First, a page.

Pompey failed in an approach to Neil Warnock with a view to making him Richie Barker’s successor.
The former QPR boss was sounded out about a possible role at Fratton Park in a bid to turn around the club’s fortunes.
On Monday he was expected to join Nottingham Forest, along with Keith Curle and Ronnie Jepson, only to walk away from the offer at the 11th hour.
The Blues also made enquiries to Warnock, who was pipped to the manager’s job by the returning Harry Redknapp in December 2005.
However, it was decided to look elsewhere and yesterday the club opted for Andy Awford as an internal candidate.
But Pompey Supporters’ Trust chairman and Blues board member Ashley Brown admitted ‘big names’ had been eyed when seeking a Barker replacement.
‘We knew we needed an impact manager, there was no point looking at someone who could maybe turn it around next year – at the moment we are focused on staying in the Football League,’ said Brown.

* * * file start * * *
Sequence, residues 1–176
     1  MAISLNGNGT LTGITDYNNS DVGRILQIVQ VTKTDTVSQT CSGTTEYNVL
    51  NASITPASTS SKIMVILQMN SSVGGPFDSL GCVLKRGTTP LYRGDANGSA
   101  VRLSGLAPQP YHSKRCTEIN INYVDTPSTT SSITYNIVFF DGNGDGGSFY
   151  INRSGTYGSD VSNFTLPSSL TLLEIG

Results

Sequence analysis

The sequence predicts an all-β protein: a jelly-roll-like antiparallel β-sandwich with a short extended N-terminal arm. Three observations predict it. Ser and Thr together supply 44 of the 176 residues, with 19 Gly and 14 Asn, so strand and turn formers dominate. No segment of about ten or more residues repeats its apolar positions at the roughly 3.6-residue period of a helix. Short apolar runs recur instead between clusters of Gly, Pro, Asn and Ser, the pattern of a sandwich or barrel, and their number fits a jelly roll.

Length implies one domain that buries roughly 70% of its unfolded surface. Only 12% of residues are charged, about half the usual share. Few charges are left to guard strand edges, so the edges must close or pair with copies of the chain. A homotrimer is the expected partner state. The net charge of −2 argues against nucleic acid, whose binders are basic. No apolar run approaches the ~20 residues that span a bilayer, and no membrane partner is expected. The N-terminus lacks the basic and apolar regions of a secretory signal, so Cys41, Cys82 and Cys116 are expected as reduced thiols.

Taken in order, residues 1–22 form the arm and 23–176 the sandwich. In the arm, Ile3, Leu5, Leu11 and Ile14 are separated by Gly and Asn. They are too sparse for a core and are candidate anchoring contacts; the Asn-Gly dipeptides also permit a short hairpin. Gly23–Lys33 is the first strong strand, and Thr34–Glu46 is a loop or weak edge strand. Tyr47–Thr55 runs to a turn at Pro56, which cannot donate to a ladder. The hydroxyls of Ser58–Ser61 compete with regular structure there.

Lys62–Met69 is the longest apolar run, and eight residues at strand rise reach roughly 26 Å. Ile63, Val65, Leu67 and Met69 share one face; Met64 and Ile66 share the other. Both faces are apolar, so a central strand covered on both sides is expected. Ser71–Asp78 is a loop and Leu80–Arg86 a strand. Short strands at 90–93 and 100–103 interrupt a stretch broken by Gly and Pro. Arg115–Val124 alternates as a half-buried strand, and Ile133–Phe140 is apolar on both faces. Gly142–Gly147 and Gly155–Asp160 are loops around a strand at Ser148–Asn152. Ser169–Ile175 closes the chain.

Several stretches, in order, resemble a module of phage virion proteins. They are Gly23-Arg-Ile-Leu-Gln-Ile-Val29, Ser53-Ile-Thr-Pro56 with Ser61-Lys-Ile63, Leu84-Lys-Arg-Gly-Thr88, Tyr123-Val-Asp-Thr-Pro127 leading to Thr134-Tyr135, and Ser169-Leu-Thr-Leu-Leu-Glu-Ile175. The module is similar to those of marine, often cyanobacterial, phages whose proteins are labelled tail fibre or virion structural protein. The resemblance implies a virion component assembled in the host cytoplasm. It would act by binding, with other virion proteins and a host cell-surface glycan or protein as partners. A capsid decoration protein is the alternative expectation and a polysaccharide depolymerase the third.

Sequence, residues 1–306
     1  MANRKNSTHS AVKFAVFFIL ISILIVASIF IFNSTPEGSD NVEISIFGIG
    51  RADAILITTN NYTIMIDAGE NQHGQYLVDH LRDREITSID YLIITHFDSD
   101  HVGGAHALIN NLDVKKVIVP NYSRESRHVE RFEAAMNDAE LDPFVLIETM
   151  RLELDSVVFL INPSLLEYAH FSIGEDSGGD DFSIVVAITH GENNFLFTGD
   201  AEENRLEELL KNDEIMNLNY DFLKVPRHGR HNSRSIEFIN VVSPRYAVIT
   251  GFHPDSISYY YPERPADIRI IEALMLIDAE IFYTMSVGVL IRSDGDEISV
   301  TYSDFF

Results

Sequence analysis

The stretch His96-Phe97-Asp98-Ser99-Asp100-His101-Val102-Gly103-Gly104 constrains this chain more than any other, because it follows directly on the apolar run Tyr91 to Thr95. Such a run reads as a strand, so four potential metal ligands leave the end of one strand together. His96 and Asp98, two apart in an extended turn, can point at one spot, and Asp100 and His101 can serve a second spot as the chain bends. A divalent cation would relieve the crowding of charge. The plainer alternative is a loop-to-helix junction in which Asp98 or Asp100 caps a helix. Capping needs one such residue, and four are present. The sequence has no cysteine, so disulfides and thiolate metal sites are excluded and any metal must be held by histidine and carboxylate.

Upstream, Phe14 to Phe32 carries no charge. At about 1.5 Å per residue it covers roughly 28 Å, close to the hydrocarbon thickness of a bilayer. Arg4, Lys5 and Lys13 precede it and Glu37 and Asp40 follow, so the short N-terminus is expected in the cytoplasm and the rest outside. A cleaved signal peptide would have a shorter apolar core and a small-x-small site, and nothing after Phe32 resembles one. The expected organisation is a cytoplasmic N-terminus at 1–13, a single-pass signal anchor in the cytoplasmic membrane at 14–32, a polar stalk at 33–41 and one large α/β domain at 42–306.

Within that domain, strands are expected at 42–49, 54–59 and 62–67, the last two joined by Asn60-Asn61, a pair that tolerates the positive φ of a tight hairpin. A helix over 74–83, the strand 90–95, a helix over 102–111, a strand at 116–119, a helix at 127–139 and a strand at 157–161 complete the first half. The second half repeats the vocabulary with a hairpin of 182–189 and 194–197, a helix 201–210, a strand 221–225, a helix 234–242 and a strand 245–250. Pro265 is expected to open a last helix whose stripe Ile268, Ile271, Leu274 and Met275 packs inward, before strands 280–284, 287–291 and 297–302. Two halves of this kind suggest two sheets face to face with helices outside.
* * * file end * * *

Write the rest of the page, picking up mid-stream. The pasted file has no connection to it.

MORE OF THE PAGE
‘The number of managers we thought were out there, available, that could turn up today or tomorrow and have that impact, was very, very small.
‘We had identified a couple but when we spoke to them it just wasn’t going to happen.
‘Neil Warnock was considered because he’s an available manager with a big name so was on our list of people we looked at.
‘We considered a number of managers and, speaking generally, some of their availability and being involved when we need them involved now as opposed to next season wasn’t there.
‘Steve Claridge has also been mentioned and obviously has a great deal of history with Portsmouth Football Club. He’s a very passionate fan of the club who has always offered to help out.’
Awford has been charged with keeping Pompey in the Football League and has promoted Paul Hardyman from the Academy to serve alongside him.
First-team coach Alan McLoughlin remains in the set-up, and Brown believes the right people are in place to galvanize the club.
He added: ‘We knew we had people inside here that know the team, know the club and know what it’s like being in a relegation fight for Pompey because they played in them.
‘We felt that actually might just give us the unity, galvanise the team, it might get the fans back behind the team and caretaker manager, and it might just give us that little bit of lift to get us out of trouble.’